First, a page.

The 250i and 300i feature two maps that are simply referred to as “map one” and “map two.” Map one is standard while map two is a bit softer throughout the entire powerband. The power curve, or personality, feels the same on each map, though. The first time I tested each bike, I rode them in map one and got a good feel for how each worked. Map one is noticeably peppier than map two and worked great on the wide open, steep uphills we rode throughout the day. It wasn’t until I rode on map two that I realized how smooth and tractable each bike was. I preferred map two most of the time because it helped me get through the tight and technical switchback single-track trails we rode that featured plenty of tree roots and rocks.

2018 Husqvarna TE250i fork
The WP Xplor fork receives new outer tubes and stiffer settings.Photo Courtesy of Husqvarna

In the suspension department, both machines are equipped with a WP Xplor 48 fork and WP rear shock which are designed specifically for enduro riding. Updates to the fork from the previous versions include new outer tubes and stiffer settings. I was very pleased with the performance of both ends of the suspension. The fork was very compliant on the braking bumps that formed on the downhills of the trails throughout the day. Both the front fork and rear shock refused to bottom out on all of the obstacles and dropoffs I was faced with throughout the course of the day.

2018 Husqvarna TE250i Magura brake
The bikes feature Magura brakes in the front and rear.Photo Courtesy of Husqvarna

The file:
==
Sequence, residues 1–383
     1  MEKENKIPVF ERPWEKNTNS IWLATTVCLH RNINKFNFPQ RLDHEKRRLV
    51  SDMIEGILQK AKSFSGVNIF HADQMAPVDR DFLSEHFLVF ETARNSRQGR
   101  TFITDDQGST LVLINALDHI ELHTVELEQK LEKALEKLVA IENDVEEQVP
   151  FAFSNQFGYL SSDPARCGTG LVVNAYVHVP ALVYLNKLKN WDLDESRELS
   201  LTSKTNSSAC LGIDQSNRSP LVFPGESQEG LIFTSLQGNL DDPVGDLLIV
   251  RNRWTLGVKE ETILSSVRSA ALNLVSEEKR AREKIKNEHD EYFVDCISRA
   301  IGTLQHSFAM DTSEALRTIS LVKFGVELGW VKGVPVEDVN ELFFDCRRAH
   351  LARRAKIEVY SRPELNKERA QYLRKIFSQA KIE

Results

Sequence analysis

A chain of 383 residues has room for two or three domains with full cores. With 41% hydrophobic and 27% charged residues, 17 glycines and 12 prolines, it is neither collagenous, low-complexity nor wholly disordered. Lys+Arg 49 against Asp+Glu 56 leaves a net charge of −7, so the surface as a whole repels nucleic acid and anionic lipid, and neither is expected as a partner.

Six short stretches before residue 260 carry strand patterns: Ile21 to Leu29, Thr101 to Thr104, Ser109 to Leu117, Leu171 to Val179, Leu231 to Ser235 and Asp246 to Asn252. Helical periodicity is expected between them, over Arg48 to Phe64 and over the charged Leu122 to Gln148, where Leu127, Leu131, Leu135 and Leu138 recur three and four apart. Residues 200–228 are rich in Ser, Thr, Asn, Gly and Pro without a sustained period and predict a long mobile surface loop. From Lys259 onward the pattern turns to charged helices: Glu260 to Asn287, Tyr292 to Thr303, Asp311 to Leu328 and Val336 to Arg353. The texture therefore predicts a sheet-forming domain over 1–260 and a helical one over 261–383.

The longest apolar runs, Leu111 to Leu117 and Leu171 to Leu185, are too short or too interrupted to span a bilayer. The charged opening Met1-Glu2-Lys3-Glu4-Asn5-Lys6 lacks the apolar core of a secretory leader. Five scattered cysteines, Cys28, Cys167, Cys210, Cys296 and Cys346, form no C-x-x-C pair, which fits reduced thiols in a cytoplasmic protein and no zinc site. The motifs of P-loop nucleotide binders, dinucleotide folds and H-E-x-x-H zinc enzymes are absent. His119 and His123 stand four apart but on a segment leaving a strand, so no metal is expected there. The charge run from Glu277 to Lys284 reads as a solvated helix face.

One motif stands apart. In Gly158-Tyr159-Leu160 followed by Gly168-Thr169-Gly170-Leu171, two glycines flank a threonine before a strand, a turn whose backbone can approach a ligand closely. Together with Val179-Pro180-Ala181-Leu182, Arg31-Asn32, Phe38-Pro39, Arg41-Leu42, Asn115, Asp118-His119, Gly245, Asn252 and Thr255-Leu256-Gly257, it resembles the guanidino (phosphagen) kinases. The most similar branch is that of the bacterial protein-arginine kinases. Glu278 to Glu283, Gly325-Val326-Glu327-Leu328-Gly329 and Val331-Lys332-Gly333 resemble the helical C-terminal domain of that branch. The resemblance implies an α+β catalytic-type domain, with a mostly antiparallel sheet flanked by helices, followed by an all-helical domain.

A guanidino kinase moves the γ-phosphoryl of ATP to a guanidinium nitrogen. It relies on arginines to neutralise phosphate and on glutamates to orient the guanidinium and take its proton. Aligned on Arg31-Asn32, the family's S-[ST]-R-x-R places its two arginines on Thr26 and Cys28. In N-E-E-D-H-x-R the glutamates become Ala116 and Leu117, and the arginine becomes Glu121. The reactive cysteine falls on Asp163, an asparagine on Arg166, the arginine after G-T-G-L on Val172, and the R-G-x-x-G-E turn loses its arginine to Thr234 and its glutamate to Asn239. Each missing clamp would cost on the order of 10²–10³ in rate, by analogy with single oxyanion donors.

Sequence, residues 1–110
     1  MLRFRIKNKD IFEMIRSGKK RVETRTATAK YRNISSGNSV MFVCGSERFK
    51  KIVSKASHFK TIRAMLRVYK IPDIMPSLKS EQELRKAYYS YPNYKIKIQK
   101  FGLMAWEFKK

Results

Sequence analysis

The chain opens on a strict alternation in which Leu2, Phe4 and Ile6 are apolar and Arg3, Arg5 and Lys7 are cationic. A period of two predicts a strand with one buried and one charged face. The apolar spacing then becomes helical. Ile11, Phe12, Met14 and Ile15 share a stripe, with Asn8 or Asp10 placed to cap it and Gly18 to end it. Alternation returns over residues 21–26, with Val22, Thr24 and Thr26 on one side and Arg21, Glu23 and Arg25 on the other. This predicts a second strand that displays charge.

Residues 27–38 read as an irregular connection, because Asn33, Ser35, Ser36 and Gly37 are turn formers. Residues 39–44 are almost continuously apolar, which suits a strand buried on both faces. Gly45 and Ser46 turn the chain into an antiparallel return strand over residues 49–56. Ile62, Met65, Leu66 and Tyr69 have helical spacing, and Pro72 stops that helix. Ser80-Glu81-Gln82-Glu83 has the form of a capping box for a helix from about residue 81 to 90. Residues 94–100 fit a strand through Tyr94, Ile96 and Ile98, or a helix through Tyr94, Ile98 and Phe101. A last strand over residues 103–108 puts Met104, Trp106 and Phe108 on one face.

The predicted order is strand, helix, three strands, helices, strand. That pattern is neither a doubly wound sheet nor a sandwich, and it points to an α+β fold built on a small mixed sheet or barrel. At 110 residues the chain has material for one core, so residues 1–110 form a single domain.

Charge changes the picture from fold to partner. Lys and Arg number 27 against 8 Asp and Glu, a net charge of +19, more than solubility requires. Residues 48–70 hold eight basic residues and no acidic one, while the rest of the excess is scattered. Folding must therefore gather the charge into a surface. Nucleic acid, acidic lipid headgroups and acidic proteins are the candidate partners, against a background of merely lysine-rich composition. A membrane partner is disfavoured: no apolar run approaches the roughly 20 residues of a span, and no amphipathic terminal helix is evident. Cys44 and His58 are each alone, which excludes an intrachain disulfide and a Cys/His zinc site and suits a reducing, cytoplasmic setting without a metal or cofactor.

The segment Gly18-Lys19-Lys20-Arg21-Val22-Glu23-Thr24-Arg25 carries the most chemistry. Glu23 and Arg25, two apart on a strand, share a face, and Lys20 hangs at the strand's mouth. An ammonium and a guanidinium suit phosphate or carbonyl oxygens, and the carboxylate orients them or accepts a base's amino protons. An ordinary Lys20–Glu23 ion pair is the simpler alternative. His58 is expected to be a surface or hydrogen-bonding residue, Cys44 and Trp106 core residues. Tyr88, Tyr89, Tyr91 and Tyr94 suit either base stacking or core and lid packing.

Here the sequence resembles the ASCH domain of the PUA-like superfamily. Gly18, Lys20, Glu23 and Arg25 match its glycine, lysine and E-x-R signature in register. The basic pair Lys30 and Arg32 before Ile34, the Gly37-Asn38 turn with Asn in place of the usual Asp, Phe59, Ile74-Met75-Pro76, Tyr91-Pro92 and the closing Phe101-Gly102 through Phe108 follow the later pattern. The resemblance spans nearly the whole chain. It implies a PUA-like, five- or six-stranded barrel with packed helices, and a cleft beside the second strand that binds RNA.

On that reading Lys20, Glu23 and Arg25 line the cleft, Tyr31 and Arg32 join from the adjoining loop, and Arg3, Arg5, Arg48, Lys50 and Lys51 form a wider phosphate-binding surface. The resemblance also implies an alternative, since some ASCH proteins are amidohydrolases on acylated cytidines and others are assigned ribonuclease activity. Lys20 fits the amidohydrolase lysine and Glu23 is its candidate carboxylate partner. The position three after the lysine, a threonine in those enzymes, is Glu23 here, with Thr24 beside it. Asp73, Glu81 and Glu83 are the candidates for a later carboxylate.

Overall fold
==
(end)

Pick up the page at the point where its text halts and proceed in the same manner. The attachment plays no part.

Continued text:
The new Magura braking system in the front and rear both have a progressive feel at the lever and pedal. I purposefully pulled the front brake lever in as far as I could to see when it would lock up and it did so only when pulling it nearly all the way in. The power of the front brake itself was good and I never found myself wanting it to have better or quicker stopping power. Similar to the front, the rear brake was progressive and was able to lock up the rear wheel at any time, even after being dragged excessively when scaling my way down the steep, massive ski slopes of the Panorama Mountain Resort. Additionally, I did no less than a couple hundred wheelies throughout the day while attempting to drag the rear fender, or license plate holder in this case, and each time I stabbed the rear brake pedal the front end came down real quick.

2018 Husqvarna TE250i, Colton Haaker
Rockstar Energy Husqvarna's Colton Haaker putting the TE250i through its paces.Photo Courtesy of Husqvarna

The handling of both machines is impressive, especially the 250i. The 250i carves through the single track trails very well and the bike feels nimble and easy to maneuver in all situations. The 300i is similar in this way, but the inertia of the larger engine makes the bike as a whole feel just a bit less nimble than the 250i. Overall, I was pleased with how easy I could throw each bike around and put it exactly where I wanted it regardless of the situation I was in.

2018 Husqvarna TE250i, Colton Haaker
Both bikes are light and flickable, but the TE250i is noticeably more nimble.Photo Courtesy of Husqvarna

Testing each of these bikes in the mountains of British Columbia, Canada gave me an excellent idea of how each of the bikes perform in a variety of different types of terrain and elevation. The TE300i is not going to be coming to the United States in 2018, but hopefully Husqvarna brings them in 2019 so we can do some more back to back testing between the two. I am very pleased the TE250i will be coming to the States because overall it is the bike I would choose between the two if I were to ride or race an enduro, especially one with a tight and technical course. I look forward to getting a TE250i in the Dirt Rider stable and putting it through its paces further on some more familiar trails and obstacles back home in Southern California.